Help, My Friend Got Me a Dumb AI-Generated Present

“An artist friend of mine got me an AI-generated painting as a gift. I can see she tried to personalize the concept, and it’s nicely framed, but part of me still feels a little cheated. Is that fair?”

—No Returns

Dear No Returns,

There’s something implicitly paradoxical about feeling “cheated” by a present. A gift is, by definition, something that comes into your possession at no cost or effort, an object that exists outside the economic concepts of debt and fair exchange. But the fact that these offerings do often leave us feeling shortchanged suggests that there is a shadowy economics of gift giving, one whose rules are tacit and loosely defined. While I won’t pretend to know the nuanced history of obligations and credits that undergird your friendship, I think I can guess why the AI-generated painting disappointed you. First, the gift cost your friend nothing: The painting was presumably generated by one of the free diffusion models that are available online, and so required zero monetary sacrifice. Second, the gift demanded no real creative effort, beyond the idea for the prompt. Your friend is an artist, someone endowed with creative talent, yet she seemingly refused to contribute to your gift a portion of that private reserve. The artwork that resulted feels to you generic and impersonal, lacking the singular imprint of your friend’s creative mind.

Your question made me think of Lewis Hyde’s The Gift, a 1983 book about the role of art in market economies. While the writers and artists who have sung its praises (Margaret Atwood, Zadie Smith, and David Foster Wallace among them) tend to regard the book as something akin to a volume of metaphysics, it bills itself, somewhat dryly, as a work of economic anthropology. Hyde begins with a lengthy discussion of gift economies, like those found on the South Sea islands or among Indigenous Americans. While modern markets are defined by exactitude and reciprocity—it’s crucial that the seller receive compensation equal to the work they performed—gift economies, he argues, are not reciprocal but circular. The recipient of a gift isn’t expected to repay their benefactor directly, though it is assumed that they will contribute in some way to the community—to pay it forward, so to speak. Rather than fixating on fairness, such communities maintain a kind of faith that whatever you give will come back, though not directly or on a determined schedule. “When the gift moves in a circle its motion is beyond the control of the personal ego,” Hyde writes, “and so each bearer must be a part of the group and each donation is an act of social faith.”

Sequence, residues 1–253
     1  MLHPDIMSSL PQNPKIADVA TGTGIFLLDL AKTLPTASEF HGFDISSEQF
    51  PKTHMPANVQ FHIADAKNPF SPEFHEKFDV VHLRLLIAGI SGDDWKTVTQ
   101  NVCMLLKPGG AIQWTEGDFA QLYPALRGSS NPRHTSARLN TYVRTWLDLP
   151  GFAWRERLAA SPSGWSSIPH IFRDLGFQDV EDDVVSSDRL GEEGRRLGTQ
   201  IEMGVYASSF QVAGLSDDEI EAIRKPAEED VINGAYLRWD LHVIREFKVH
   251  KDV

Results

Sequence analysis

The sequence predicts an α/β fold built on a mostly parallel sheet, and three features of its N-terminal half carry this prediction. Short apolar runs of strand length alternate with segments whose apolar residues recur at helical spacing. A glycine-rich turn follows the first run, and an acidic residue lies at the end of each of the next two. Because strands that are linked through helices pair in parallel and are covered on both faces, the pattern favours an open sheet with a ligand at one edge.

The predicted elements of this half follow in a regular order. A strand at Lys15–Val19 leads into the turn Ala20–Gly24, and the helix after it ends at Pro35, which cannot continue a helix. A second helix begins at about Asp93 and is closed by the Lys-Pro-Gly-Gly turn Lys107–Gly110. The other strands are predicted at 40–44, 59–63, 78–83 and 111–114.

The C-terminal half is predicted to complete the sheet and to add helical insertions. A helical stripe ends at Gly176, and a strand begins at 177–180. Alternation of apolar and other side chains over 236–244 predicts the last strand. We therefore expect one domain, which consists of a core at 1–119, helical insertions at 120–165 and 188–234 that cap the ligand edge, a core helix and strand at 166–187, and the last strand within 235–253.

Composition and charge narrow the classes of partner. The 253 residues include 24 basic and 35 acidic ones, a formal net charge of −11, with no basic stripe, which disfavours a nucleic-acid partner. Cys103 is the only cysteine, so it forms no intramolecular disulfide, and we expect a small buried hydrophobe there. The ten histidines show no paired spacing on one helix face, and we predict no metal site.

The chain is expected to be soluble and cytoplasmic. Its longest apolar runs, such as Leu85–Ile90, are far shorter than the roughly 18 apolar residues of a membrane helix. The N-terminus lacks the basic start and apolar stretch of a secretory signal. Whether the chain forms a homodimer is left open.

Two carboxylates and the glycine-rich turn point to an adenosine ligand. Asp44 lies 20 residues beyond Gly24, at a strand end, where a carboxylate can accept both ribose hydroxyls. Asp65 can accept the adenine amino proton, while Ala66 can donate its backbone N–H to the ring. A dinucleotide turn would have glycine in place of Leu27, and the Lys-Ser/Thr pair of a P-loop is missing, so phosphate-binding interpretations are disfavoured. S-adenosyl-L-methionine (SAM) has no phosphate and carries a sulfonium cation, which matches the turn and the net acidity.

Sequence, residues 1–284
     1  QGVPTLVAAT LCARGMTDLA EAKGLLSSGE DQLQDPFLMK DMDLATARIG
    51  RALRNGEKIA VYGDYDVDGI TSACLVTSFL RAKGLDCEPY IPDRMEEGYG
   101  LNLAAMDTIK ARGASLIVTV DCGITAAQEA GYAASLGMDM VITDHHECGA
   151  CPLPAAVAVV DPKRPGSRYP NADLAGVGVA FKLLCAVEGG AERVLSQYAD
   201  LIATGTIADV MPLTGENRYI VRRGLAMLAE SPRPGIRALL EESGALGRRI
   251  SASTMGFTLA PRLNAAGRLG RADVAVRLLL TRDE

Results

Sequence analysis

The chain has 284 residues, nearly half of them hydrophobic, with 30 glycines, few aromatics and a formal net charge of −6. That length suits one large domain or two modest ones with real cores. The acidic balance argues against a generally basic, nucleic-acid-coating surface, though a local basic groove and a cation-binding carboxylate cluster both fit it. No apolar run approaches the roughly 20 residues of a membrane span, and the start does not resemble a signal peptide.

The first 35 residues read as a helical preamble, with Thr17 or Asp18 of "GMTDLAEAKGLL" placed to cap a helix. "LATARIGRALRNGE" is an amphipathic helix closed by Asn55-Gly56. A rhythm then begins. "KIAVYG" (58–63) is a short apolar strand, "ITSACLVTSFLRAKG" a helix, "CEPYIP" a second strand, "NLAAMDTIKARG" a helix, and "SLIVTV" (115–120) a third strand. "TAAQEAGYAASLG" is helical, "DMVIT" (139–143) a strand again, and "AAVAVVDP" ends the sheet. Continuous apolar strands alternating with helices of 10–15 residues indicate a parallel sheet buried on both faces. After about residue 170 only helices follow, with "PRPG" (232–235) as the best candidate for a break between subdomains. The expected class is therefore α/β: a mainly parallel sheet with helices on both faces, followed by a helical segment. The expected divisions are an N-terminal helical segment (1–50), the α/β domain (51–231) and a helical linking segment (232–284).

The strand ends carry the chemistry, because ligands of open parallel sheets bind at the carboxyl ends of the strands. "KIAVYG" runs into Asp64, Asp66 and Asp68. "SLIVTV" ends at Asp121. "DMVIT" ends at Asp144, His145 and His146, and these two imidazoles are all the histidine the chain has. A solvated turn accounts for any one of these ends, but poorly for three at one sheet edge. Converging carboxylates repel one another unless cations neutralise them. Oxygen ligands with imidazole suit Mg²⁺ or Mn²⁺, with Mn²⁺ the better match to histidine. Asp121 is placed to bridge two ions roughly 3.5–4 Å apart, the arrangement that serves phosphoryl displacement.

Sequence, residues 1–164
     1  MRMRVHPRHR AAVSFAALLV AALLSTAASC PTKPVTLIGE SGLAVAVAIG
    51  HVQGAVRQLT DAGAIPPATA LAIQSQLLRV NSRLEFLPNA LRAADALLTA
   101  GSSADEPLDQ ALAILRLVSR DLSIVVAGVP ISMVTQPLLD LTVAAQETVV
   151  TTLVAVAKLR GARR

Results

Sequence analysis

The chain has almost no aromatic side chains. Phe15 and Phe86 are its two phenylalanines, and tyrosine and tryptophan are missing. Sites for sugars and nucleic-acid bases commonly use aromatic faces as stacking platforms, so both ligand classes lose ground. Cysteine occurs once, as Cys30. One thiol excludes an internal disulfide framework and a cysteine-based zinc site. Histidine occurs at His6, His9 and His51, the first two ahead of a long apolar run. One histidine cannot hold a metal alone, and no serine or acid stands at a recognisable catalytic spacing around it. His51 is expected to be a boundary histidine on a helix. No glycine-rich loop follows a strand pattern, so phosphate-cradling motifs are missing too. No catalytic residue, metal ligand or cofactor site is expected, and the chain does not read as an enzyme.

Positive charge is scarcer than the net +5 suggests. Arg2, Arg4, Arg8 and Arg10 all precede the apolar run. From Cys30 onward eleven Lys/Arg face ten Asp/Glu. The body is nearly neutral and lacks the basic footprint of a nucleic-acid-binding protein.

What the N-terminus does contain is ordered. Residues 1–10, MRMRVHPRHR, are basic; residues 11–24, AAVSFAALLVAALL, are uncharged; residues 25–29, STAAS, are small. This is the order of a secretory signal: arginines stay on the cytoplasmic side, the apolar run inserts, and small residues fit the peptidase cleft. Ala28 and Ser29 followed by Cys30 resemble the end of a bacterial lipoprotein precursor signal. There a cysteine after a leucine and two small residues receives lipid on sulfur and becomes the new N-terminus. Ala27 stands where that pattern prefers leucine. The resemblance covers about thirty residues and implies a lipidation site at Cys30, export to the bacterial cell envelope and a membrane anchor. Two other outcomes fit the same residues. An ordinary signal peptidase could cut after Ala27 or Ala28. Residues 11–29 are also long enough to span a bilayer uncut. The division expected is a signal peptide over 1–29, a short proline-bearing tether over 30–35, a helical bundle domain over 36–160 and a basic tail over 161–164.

Hyde’s larger point, which might be relevant to your question, is that artists tend to flourish in gift economies, where objects of art are regarded not as commodities with precise monetary values but as expressions of a communal energy, what Hyde calls “the commerce of the creative spirit.” The act of artistic creation is already in the tides of giving and receiving, because inspiration itself is drawn osmotically from an array of outside sources. We call talented people “gifted” because it’s understood that true creativity is unearned and unwilled—there are no private reserves. “We are lightened when our gifts rise from pools we cannot fathom,” Hyde writes. “Then we know they are not a solitary egotism and they are inexhaustible.” This is why any genuine encounter with art completely obliterates the usual logic of fairness and economic value. When you stand in awe of a Hokusai painting, you are not thinking, typically, about the price you paid for admission to the museum, or wondering about whether it was a good deal. The gift of these encounters leaves the recipient inspired to create something herself, and so the generative energy continues to pass from one person to another.

You alluded to the generic quality of the AI art you were given, despite your friend’s well-meaning attempts to personalize it. What’s interesting is that impersonality is a quality that characterizes both the very best and the very worst art: The transcendence one feels when listening to the Bach cello suites, say, or reading Sappho’s lyric poetry, perhaps stems from the feeling that the work’s genius was not generated by an individual mind, but drawn from the well of the collective unconscious. (Recall the scores of artists who have referred to themselves as “conduits” or “instruments,” insisting that they are merely the technological apparatus of some larger cosmic energy.)

There’s a difference, though, between art that achieves a sublime universality and a product that is created to be benignly universal. The transpersonal quality of great art has its dark side in the vacuity of hotel paintings, Muzak, and formulaic paperback novels. I think it’s fair to say that AI-generated art, in its current stage of development, belongs to the latter category. Although it is drawing from “pools we cannot fathom,” to borrow Hyde’s formulation (an apt description of the vast reservoir of training data that constitutes the model’s unconscious), and although its stochastic logic is as opaque and mysterious as human creativity, its output still bears the stain of art that was created by committee and calculated to hit certain market objectives. If generative models were capable of creating something like an original van Gogh, then perhaps things would be different. As it stands, your friend gave you the digital equivalent of a Starry Night jigsaw puzzle.

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